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THIS town was incorporated in 1712. The face of t.he town is rather rough and uneven, and the soil is not of
the first quality for cultivation. There are, however, some good farms and extensive meadows on the branches of
the Shawshine river, several of which rise in this town. In 1837. the value of boots and shoes manufactured in
this place was $12,278; fur caps manufactured, 60,000; muffs and neck ties, 600: fur capes, 400; fur gloves, 1,000
pairs; value of these articles, $73,000; males employed, 25; females, 75; capital invested, $55,000. There was
also an establishment for calico printing. Population, 1,622. Distance, 7 miles from Concord, 13 from Lowell, and
10 from Boston.
The following is a representation of the far famed spot where the first blood was shed at the opening of the great
drama of the Revolution. The engraving is a western view from the Concord road, showing the Unitarian church, and
the monument on Lexington green, or common. The monument is situated on a small elevation of ground on the western
side of the green; a small schoolhouse stood on this spot at the time the British troops fired upon the Americans,
on the memorable 19th of April, 1775. The church seen in the engraving stands on the same spot where the ancient
church stood., which was taken down in 1794, when the present building was erected. The following is the inscription
on the monument :— Sacred to the Liberty and the Rights of Mankind!!! - The Freedom & Independence of America,
Sealed, - and defended with the blood of her sons. - This Monument is erected—By the Inhabitants of Lexington—Under
the patronage, and at the expense of—The Commonwealth of Massachasetts, — To the memory of their Fellow Citizens
—Ensign Robert Munroe, Messrs. Jonas Parker, — Samuel Hadley, Jonathan Harrington, Junr - Isaac Muzzy, Caleb Harrington,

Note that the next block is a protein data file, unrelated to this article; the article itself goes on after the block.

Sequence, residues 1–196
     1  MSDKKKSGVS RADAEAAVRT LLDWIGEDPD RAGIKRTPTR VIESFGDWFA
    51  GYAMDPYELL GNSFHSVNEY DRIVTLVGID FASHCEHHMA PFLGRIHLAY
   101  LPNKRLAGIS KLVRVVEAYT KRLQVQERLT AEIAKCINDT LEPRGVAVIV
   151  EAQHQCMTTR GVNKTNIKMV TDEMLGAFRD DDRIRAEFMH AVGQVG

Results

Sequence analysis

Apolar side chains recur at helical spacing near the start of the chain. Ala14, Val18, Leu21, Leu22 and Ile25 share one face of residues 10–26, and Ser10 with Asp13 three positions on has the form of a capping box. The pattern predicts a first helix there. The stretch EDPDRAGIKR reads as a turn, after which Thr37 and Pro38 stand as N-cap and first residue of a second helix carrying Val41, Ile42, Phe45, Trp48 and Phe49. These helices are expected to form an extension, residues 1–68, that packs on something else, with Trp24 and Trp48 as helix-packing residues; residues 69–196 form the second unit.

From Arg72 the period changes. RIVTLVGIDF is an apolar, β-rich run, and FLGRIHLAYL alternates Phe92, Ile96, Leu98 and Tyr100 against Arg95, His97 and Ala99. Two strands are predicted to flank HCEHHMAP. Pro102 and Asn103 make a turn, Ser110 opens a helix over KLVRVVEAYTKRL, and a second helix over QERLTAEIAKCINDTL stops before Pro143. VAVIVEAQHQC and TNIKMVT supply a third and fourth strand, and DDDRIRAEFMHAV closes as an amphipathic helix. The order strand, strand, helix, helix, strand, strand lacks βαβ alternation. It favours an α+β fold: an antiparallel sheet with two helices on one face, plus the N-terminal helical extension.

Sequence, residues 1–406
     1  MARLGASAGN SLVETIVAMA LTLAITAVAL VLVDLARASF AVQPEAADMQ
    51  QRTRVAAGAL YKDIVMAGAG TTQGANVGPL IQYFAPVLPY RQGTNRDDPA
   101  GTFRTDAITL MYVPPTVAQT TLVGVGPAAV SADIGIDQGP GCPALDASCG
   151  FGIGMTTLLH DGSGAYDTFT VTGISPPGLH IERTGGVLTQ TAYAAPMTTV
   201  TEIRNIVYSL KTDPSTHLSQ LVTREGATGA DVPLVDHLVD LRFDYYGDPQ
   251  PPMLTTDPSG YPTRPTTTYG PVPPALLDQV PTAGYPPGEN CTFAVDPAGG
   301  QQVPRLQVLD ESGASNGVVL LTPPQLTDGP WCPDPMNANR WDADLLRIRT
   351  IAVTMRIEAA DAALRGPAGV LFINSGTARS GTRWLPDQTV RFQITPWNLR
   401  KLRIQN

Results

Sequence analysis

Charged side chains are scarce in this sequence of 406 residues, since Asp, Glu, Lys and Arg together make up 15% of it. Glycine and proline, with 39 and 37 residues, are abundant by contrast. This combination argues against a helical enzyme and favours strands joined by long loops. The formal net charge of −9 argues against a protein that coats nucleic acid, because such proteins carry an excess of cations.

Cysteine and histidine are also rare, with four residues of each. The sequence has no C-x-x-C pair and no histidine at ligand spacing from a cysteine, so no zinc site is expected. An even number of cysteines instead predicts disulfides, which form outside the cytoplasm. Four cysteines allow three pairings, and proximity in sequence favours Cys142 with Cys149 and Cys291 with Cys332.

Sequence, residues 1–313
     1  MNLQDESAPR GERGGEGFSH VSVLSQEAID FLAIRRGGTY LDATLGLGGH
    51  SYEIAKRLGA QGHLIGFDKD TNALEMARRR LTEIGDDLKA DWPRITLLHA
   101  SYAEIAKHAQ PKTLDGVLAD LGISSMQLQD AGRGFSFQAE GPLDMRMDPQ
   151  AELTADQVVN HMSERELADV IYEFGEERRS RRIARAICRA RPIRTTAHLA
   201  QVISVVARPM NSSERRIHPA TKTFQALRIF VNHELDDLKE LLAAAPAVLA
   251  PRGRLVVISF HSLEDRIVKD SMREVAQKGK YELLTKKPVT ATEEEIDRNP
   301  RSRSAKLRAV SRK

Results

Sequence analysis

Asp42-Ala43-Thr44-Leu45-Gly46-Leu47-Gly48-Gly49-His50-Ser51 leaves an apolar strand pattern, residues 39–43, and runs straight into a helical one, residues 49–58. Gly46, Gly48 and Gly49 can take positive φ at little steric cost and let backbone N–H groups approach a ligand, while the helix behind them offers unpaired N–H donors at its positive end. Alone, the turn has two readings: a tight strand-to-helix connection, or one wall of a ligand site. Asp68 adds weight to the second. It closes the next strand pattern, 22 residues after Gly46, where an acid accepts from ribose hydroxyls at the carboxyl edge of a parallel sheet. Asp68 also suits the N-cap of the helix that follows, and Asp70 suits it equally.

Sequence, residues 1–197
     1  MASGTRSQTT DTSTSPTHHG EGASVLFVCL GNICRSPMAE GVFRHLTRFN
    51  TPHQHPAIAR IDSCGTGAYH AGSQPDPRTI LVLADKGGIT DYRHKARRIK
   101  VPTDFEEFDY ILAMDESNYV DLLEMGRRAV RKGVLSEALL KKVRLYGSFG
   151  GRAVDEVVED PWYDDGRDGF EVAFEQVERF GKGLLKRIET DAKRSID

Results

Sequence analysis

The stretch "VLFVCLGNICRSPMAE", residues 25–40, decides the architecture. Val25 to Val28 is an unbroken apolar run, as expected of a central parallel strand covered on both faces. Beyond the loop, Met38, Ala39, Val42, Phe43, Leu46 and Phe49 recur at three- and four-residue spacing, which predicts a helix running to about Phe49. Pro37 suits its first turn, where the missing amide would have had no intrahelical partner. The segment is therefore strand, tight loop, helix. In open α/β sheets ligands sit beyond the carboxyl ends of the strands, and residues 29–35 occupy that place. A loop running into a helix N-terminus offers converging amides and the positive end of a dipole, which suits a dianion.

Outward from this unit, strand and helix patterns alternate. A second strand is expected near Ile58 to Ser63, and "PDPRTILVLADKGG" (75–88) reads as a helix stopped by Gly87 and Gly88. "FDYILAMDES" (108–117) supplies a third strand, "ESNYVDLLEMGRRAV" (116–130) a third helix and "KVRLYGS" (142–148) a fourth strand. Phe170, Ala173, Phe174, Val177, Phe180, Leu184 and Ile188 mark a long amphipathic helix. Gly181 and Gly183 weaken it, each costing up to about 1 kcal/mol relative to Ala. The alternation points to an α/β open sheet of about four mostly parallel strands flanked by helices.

and John Brown — Of Lexington, and Asahel Porter of Woburn—Who fell on this field, the first victims to the—Sword
of British Tyranny & Oppression. — On the morning of the ever memorable — Nineteenth of April, An. Dom. 1775.
— The Die was Cast!!! — The Blood of these Martyrs — In the cause of God & their Country, — Was the Cement
of the Union of these States then Colonies, & gave the spring to the Spirit, Firmness—And Resolution of their
Fellow Citizens-They rose as one man to revenge their brethren's - B'ood, and at the point of the sword to assist
& Defend their native Rights. - They nobly dared to be free!! The contest was long, bloody & affecting,
- Righteous Heaven approved the solemn appeal; - Victory crowned their arms; - And the Peace, Liberty, & Independence,
of the United-States of America, was their glorious Reward. - uilt in the year 1799.
The house seen between the church and the monument was in 1775 the public inn, kept by Mr. John Buekman; it is
now the residence of Mr. Rufus Merriam. The Americans at the time they were fired upon were paraded, perhaps, four
or five rods eastward of the monument, towards the barn seen in the engraving. In the extreme distance, on the
right, is seen the tower of the Baptist church, on the Boston road. The village in the vicinity of the churches